Take the 2-minute tour ×
Stack Overflow is a question and answer site for professional and enthusiast programmers. It's 100% free, no registration required.

I am returning XML from a stored procedure, that I want to capture in WCF and pass on to WPF view.

When I add function import, whats should be selected in returns a collection of, I selected string for now.

And then what should be the return type of the function that would return this data to wpf view, XmlDocument?

share|improve this question
    
or should i try to use linq, itself? –  WhoIsNinja Dec 17 '10 at 18:09

1 Answer 1

up vote 1 down vote accepted

So you have an arbitrary block of XML? Then yes, XmlDocument should make that available. The problem with just using a string is that it would get further encoded by WCF. If the layout of the XML is known, another option is deserializing it into an object model and returning that, which might make it easier to consume at the client. But XmlDocument should work.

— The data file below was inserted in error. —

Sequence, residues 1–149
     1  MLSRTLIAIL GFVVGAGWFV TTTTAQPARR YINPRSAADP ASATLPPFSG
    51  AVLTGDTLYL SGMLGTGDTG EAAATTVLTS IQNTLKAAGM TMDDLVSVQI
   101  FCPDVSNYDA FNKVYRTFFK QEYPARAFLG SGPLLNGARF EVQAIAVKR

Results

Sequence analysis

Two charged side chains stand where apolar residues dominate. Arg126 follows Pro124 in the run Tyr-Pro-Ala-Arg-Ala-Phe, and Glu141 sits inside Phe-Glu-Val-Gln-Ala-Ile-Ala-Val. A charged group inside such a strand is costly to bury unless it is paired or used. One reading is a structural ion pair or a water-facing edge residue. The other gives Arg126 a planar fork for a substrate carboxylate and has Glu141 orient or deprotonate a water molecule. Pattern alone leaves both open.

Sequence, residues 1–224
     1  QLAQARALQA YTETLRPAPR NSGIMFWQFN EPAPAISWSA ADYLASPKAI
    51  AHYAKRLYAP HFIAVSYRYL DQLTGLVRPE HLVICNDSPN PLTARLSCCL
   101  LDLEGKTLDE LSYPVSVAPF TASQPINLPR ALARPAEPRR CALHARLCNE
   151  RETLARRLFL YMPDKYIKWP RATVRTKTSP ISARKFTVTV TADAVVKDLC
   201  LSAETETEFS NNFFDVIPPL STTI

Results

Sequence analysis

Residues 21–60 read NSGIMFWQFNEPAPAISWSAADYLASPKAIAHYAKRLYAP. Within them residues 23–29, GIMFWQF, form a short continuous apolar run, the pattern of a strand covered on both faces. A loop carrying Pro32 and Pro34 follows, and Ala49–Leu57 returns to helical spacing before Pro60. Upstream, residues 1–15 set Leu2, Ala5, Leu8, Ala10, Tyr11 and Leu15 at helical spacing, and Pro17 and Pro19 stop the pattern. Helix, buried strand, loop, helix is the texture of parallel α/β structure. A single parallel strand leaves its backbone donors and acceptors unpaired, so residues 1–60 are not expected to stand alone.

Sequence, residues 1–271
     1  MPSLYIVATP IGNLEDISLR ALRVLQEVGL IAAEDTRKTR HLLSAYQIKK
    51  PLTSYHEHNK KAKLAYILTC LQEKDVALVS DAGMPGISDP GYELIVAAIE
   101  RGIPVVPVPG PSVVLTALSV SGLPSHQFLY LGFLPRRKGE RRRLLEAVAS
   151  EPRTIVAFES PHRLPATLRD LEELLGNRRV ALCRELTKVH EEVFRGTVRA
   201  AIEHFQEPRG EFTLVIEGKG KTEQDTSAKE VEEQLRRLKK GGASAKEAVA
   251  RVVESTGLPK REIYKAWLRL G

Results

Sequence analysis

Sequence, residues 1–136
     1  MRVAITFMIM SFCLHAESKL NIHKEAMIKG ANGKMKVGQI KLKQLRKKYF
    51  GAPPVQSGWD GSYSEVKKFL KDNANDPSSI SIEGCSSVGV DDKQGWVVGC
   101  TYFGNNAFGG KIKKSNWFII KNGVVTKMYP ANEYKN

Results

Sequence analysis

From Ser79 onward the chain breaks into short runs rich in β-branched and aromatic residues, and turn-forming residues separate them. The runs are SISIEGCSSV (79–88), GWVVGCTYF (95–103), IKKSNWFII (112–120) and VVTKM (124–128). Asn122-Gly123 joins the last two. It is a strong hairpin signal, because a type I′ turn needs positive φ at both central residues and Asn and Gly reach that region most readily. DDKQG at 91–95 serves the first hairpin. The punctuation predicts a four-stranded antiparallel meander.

XElement etc may also be worth a try if that is more convenient.

share|improve this answer
    
Its a fixed XMLList format like <item>value</item><item>value</item> returned from SP, how to deserialize? can't I bind an XMLList directly to a treeview component, like we are able to do that in Flex. –  WhoIsNinja Dec 17 '10 at 18:24
    
but thats for later, right now I am not able to understand what to add into returns a collection of when doing function import of the SP. –  WhoIsNinja Dec 17 '10 at 18:25
    
@NSingla if the XML isn't huge, I'd probably treat as string. For huge, ExeuteXmlReader –  Marc Gravell Dec 17 '10 at 18:28
    
I have some trouble with string, when i debug for the linq which gets data from stored proc object and stores in a variable, and when i look at the results view of that variable, shows xml string or the first time, if i hover again then it says "the result of the query cannot be enumerated more than once" –  WhoIsNinja Dec 17 '10 at 20:36
    
@NSingla It sounds like you're actually keeping the IQueryable<string> or IEnumerable<string>. If it is multiple records, call .ToList() to get a concrete list. If you expect a single row, call .First() –  Marc Gravell Dec 17 '10 at 20:40

Your Answer

 
discard

By posting your answer, you agree to the privacy policy and terms of service.

Not the answer you're looking for? Browse other questions tagged or ask your own question.